Many of the tens of millions within the Christian right live on the edge of poverty. The Bible, interpreted for them by pastors whose connection with God means they cannot be questioned, is their handbook for daily life. The rigidity and simplicity of their belief are potent weapons in the fight against their own demons and the struggle to keep their lives on track. The reality-based world, one where Satan, miracles, destiny, angels and magic did not exist, battered them like driftwood. It took their jobs and destroyed their future. It rotted their communities. It flooded their lives with alcohol, drugs, physical violence, deprivation and despair. And then they discovered that God has a plan for them. God will save them. God intervenes in their lives to promote and protect them. The emotional distance they have traveled from the real world to the world of Christian fantasy is immense. And the rational, secular forces, those that speak in the language of fact and evidence, are hated and ultimately feared, for they seek to pull believers back into “the culture of death” that nearly destroyed them.

There are wild contradictions within this belief system. Personal independence is celebrated alongside an abject subservience to leaders who claim to speak for God. The movement says it defends the sanctity of life and advocates the death penalty, militarism, war and righteous genocide. It speaks of love and promotes fear of damnation and hate. There is a terrifying cognitive dissonance in every word they utter.

The movement is, for many, an emotional life raft. It is all that holds them together. But the ideology, while it regiments and orders lives, is merciless. Those who deviate from the ideology, including “backsliders” who leave these church organizations, are branded as heretics and subjected to little inquisitions, which are the natural outgrowth of messianic movements. If the Christian right seizes the legislative, executive and judicial branches of government, these little inquisitions will become big inquisitions.

The cult of masculinity pervades the movement. Feminism and homosexuality, believers are told, have rendered the American male physically and spiritually impotent. Jesus, for the Christian right, is a muscular man of action, casting out demons, battling the Antichrist, attacking hypocrites and castigating the corrupt. This cult of masculinity, with its glorification of violence, is deeply appealing to those who feel disempowered and humiliated. It vents the rage that drove many people into the arms of the movement. It encourages them to lash back at those who, they are told, seek to destroy them. The paranoia about the outside world is stoked through bizarre conspiracy theories, many championed in books such as Pat Robertson’s “The New World Order,” a xenophobic rant that includes attacks on liberals and democratic institutions.

The obsession with violence pervades the popular novels by Tim LaHaye and Jerry B. Jenkins. In their apocalyptic novel, “Glorious Appearing,” based on LaHaye’s interpretation of biblical prophecies about the Second Coming, Christ returns and eviscerates the flesh of millions of nonbelievers with the sound of his voice. There are long descriptions of horror and blood, of how “the very words of the Lord had superheated their blood, causing it to burst through their veins and skin.” Eyes disintegrate. Tongues melt. Flesh dissolves. The Left Behind series, of which this novel is a part, contains the best-selling adult novels in the country.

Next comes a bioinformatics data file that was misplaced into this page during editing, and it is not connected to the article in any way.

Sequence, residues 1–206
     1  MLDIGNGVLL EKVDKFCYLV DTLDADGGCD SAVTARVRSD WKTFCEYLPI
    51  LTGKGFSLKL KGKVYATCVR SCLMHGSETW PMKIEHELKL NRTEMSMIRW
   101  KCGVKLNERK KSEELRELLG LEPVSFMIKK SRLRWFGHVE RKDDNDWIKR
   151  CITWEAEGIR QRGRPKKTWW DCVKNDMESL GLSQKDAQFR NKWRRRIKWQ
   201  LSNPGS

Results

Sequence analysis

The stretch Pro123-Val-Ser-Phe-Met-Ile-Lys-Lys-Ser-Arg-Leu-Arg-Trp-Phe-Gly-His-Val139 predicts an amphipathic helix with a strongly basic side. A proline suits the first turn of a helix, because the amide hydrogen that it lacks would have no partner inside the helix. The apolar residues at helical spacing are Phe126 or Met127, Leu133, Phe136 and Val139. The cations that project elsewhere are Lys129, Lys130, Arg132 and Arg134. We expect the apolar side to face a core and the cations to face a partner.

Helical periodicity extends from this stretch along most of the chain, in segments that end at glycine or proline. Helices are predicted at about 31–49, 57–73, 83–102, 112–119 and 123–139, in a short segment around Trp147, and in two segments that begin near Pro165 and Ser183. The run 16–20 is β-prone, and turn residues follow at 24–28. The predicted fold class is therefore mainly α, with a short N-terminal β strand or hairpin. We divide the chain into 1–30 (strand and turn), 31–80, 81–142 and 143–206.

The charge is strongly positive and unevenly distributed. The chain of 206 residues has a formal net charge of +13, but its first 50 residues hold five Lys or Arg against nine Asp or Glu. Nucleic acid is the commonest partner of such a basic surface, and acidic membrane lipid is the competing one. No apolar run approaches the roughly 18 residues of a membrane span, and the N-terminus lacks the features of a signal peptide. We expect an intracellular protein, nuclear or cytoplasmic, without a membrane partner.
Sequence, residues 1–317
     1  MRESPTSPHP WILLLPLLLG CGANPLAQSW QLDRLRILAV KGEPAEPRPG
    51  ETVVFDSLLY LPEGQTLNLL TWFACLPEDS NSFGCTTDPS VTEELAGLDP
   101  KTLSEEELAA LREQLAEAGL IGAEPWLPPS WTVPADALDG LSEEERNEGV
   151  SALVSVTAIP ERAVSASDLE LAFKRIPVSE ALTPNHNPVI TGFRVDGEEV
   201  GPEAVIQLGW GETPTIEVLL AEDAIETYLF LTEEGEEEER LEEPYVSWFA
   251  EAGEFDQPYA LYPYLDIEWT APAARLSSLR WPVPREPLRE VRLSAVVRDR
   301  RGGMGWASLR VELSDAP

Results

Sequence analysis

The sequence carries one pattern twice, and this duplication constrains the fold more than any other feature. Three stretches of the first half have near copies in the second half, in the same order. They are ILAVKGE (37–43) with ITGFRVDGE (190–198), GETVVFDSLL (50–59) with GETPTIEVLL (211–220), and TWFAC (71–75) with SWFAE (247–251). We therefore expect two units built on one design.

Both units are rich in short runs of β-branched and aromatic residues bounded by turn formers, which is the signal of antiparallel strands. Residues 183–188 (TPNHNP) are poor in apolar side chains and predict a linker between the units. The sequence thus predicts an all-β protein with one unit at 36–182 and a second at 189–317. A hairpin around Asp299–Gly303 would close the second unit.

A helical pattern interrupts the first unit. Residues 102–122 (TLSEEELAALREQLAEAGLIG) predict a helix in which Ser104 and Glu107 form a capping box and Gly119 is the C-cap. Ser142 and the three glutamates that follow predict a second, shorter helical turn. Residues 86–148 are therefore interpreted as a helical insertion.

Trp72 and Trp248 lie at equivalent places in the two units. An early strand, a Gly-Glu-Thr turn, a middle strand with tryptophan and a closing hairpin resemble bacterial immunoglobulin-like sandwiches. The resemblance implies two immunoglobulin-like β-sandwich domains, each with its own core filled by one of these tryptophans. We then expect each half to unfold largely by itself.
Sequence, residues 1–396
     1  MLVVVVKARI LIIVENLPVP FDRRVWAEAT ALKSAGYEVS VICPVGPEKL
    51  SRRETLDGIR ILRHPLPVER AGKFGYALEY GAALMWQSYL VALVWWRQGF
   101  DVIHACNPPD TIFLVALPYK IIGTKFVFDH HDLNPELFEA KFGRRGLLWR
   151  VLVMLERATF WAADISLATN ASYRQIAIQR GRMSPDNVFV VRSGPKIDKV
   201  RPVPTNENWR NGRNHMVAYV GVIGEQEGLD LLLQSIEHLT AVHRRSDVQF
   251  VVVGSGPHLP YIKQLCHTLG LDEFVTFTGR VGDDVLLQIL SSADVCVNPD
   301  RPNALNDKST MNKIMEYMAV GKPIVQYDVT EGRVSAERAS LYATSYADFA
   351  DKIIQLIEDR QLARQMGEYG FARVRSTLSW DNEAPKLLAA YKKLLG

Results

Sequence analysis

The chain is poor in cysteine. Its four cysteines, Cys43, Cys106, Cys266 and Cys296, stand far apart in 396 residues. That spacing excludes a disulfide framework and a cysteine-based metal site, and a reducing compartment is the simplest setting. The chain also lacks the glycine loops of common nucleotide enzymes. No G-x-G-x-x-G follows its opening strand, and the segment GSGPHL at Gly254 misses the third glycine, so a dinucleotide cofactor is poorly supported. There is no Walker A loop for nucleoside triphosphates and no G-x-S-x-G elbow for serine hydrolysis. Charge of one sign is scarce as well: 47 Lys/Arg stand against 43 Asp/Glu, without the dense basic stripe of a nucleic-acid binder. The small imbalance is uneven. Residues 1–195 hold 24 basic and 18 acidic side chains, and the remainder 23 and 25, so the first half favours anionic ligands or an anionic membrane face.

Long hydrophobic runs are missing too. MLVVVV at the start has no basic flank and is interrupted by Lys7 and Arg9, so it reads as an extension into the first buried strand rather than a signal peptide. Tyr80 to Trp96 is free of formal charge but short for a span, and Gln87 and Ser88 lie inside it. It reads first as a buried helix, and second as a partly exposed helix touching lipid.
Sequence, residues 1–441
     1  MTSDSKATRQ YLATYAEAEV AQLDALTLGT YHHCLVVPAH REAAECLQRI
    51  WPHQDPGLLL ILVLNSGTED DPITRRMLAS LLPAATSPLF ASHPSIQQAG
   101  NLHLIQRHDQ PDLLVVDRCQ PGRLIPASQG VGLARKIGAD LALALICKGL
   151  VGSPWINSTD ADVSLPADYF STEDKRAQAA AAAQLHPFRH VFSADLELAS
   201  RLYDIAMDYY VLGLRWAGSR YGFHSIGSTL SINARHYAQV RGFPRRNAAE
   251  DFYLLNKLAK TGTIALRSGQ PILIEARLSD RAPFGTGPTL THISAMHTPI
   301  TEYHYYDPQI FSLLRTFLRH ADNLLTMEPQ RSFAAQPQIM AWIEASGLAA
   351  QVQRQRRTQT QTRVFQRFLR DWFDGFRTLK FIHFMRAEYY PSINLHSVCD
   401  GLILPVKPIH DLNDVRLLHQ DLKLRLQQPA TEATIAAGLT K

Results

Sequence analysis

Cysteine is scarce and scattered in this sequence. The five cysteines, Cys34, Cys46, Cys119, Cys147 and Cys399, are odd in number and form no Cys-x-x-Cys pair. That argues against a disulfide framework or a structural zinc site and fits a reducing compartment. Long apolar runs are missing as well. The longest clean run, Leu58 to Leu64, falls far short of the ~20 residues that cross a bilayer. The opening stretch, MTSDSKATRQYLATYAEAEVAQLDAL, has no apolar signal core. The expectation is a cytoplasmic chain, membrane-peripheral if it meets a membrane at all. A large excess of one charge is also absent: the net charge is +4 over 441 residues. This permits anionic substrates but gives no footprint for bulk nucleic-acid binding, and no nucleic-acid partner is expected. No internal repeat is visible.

Violence must be used to cleanse the world. These Christian fascists are called to a perpetual state of war. “Any teaching of peace prior to [Christ’s] return is heresy…” says televangelist James Robinson.

Natural disasters, terrorist attacks, instability in Israel and even the wars in Iraq and Afghanistan are seen as glorious signposts. The war in Iraq is predicted, believers insist, in the ninth chapter of the Book of Revelations, where four angels “which are bound in the great river Euphrates will be released to slay the third part of men.” The march is inevitable and irreversible and requires everyone to be ready to fight, kill and perhaps die. Global war, even nuclear war, is not to be feared, but welcomed as the harbinger of the Second Coming. And leading the avenging armies is an angry, violent Messiah who dooms hundreds of millions of apostates to a horrible and gruesome death.

The Christian right, while embracing a form of primitivism, seeks the imprint of law and science to legitimate its absurd mythologies. Its members seek this imprint because, despite their protestations to the contrary, they are a distinctly modern, totalitarian movement. They seek to co-opt the pillars of the Enlightenment in order to abolish the Enlightenment. Creationism, or “intelligent design,” like eugenics for the Nazis or “Soviet” science for Stalin, must be introduced into the mainstream as a valid scientific discipline—hence the rewriting of textbooks. The Christian right defends itself in the legal and scientific jargon of modernity. Facts and opinions, once they are used “scientifically” to support the irrational, become interchangeable. Reality is no longer based on the gathering of facts and evidence. It is based on ideology. Facts are altered. Lies become true.Hannah Arendt called it “nihilistic relativism,” although a better phrase might be collective insanity.

The Christian right has, for this reason, its own creationist “scientists” who use the language of science to promote anti-science. It has fought successfully to have creationist books sold in national park bookstores at the Grand Canyon and taught in public schools in states such as Texas, Louisiana and Arkansas. Creationism shapes the worldview of hundreds of thousands of students in Christian schools and colleges. This pseudoscience claims to have proved that all animal species, or at least their progenitors, fit on Noah’s ark. It challenges research in AIDS and pregnancy prevention. It corrupts and discredits the disciplines of biology, astronomy, geology, paleontology and physics.